Grassroots Birth Survey

The other day I discovered a postcard at my local yoga center urging women to participate in a birth survey, which instantly piqued my interest; apparently this survey has already been going on for some time, although I have only now heard about it. A little research has revealed that the Coalition for Improving Maternity Services (CIMS) has launched a new program entitled The Transparency in Maternity Care Project, which is intended to research and explore maternity care in this country, with an emphasis on improving the transparency of maternity care. Unlike other areas of medicine, hospitals and maternity care providers are still pretty cagey when it comes to being open with their numbers. What is the c-section rate for specific doctors or hospitals? What is the VBAC rate? How many providers perform episiotomies? How many elective cesareans or inductions occur annually? Hard numbers like this are always notoriously hard to come by. And of coruse, beyond the actual numbers themselves, women’s experiences with maternity care providers and services and overall satisfaction is often something which is overlooked. It seems like The Transparency in Maternity Care Project is trying to fix all of that, and is acting as a follow-up to the Listening to Mothers surveys which occurred in 2002 and 2006. Like Listening to Mothers I and II, a survey lies at the heart of The Transparency in Maternity Care Project, which can be found at the following website: www.TheBirthSurvey.com. The pilot survey is occurring in New York City right now, between July 2007 and July 2008.

    There were many reasons to choose New York City as our pilot site.

    First: New York is a large, high profile city offering a wide variety of birth options.

    It is a densely populated and well-networked urban center. There is easy access to multiple press/media outlets. Approximately 125,000 births occur in NYC per year. Forty-four hospitals provide maternity care services. The majority of the country’s obstetricians are trained in NYC. Two Free-standing Birth Centers are in operation. An established homebirth community thrives. Nearly 10% of births in NY are attended by midwives.

    Second: The Grassroots Advocates Committee will be piloting the project in partnership with Choices in Childbirth (CIC), an active grassroots organization based in NYC.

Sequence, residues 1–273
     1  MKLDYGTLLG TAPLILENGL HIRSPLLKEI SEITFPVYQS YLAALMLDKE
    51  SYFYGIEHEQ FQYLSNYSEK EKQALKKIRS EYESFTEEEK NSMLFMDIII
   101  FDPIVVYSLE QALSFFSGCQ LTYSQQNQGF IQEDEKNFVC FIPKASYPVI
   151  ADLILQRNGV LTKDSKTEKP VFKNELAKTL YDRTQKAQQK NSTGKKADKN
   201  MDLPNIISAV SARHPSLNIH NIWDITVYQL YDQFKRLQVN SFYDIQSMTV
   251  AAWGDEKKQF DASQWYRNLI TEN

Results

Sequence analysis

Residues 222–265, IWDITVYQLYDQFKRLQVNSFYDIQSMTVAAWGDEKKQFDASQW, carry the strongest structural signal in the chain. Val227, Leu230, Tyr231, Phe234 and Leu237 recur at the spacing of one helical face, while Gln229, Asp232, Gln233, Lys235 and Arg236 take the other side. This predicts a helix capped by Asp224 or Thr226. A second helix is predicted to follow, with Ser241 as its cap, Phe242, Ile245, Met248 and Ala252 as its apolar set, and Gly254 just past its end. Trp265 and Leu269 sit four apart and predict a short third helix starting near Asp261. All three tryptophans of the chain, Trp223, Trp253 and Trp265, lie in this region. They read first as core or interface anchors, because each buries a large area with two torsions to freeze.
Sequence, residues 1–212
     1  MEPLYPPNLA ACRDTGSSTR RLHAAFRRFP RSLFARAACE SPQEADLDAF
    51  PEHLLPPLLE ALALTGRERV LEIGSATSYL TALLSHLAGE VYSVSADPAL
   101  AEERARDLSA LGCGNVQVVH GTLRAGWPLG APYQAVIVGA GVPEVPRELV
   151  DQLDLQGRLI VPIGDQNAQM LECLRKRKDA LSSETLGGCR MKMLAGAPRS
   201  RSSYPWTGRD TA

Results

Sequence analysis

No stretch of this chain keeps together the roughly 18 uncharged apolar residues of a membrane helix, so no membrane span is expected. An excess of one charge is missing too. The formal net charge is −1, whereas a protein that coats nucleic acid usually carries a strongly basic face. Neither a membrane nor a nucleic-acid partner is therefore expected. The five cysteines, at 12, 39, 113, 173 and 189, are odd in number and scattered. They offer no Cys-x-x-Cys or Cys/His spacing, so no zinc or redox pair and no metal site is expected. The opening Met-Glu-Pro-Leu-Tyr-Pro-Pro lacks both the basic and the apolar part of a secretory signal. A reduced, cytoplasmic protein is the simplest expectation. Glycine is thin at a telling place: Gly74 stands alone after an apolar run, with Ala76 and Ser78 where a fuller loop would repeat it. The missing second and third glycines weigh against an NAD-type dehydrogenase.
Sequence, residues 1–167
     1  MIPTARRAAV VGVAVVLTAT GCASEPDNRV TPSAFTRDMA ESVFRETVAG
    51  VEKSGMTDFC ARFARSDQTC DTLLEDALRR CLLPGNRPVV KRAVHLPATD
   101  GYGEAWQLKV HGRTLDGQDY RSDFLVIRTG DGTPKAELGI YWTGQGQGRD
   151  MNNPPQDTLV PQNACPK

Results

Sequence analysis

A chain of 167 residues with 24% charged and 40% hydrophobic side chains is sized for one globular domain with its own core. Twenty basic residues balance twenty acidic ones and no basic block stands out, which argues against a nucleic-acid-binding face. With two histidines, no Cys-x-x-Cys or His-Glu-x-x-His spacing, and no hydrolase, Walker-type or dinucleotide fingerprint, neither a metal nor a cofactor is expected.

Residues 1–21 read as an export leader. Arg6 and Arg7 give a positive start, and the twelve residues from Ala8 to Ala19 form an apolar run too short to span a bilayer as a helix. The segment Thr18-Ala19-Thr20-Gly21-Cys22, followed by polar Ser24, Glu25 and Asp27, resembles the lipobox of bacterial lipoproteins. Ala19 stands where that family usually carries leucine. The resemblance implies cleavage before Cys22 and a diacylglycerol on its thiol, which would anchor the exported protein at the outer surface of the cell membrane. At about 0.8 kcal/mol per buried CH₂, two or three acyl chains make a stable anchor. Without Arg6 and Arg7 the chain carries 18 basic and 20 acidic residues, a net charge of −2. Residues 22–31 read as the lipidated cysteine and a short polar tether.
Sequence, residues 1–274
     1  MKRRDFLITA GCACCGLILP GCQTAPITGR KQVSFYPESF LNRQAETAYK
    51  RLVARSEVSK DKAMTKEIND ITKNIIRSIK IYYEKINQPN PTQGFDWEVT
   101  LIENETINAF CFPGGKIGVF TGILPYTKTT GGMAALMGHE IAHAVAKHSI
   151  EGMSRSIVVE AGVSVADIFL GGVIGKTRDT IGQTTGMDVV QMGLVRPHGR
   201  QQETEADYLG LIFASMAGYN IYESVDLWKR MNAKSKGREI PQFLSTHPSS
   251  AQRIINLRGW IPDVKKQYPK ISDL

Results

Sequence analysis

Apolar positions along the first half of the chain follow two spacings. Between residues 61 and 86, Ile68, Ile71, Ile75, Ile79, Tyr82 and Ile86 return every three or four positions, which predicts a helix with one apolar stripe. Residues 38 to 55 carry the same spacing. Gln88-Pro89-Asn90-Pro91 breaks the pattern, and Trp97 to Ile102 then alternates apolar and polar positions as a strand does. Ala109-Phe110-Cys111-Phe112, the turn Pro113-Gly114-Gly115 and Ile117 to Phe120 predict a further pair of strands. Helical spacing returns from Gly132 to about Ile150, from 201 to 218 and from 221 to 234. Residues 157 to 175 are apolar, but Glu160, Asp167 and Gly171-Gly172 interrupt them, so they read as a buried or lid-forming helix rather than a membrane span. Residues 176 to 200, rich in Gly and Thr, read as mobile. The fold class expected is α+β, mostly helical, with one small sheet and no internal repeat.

CIC is well connected with the NYC birth community. CIC publishes The New York Guide to a Healthy Birth – in 2007, 20,000 copies advertising The Birth Survey will be distributed free to the public. A member of the GAC and CIC is based in NYC and will be engaged in the day-to-day oversight of the pilot.

    Third: New York State is one of only two states with a Maternity Information Act.

    The MIA provides the public with legal access to intervention rates at the facility level. Choices in Childbirth is connected with the NYS Department of Health and has already collected the intervention rates for all New York hospitals.

So, if you live in NYC and have given birth in NYC, here’s your chance to discuss your experience and provide valuable information and feedback about birth in our country. Please participate in the birth survey ASAP. As for the rest of the country, the project plans to unveil a national survey next summer, but if you’re super motivated, you can provide feedback about your birth experience at www.drscore.com.

This entry was posted in Birth Centers, Choice, Homebirth, Hospitals, Midwifery, Politics, Pregnancy, Research. Bookmark the permalink. Trackbacks are closed, but you can post a comment.

One Comment

  1. Dworthy
    Posted December 6, 2007 at 9:11 am | Permalink

    Thank you for mentioning http://www.DrScore.com. It is good to know that we share the goal of making more information on doctors and birth experiences available to the public. I would also like to point out that if there is a midwife that is not listed in our DrScore database, please let us know so we can add their information. Happy Holidays!

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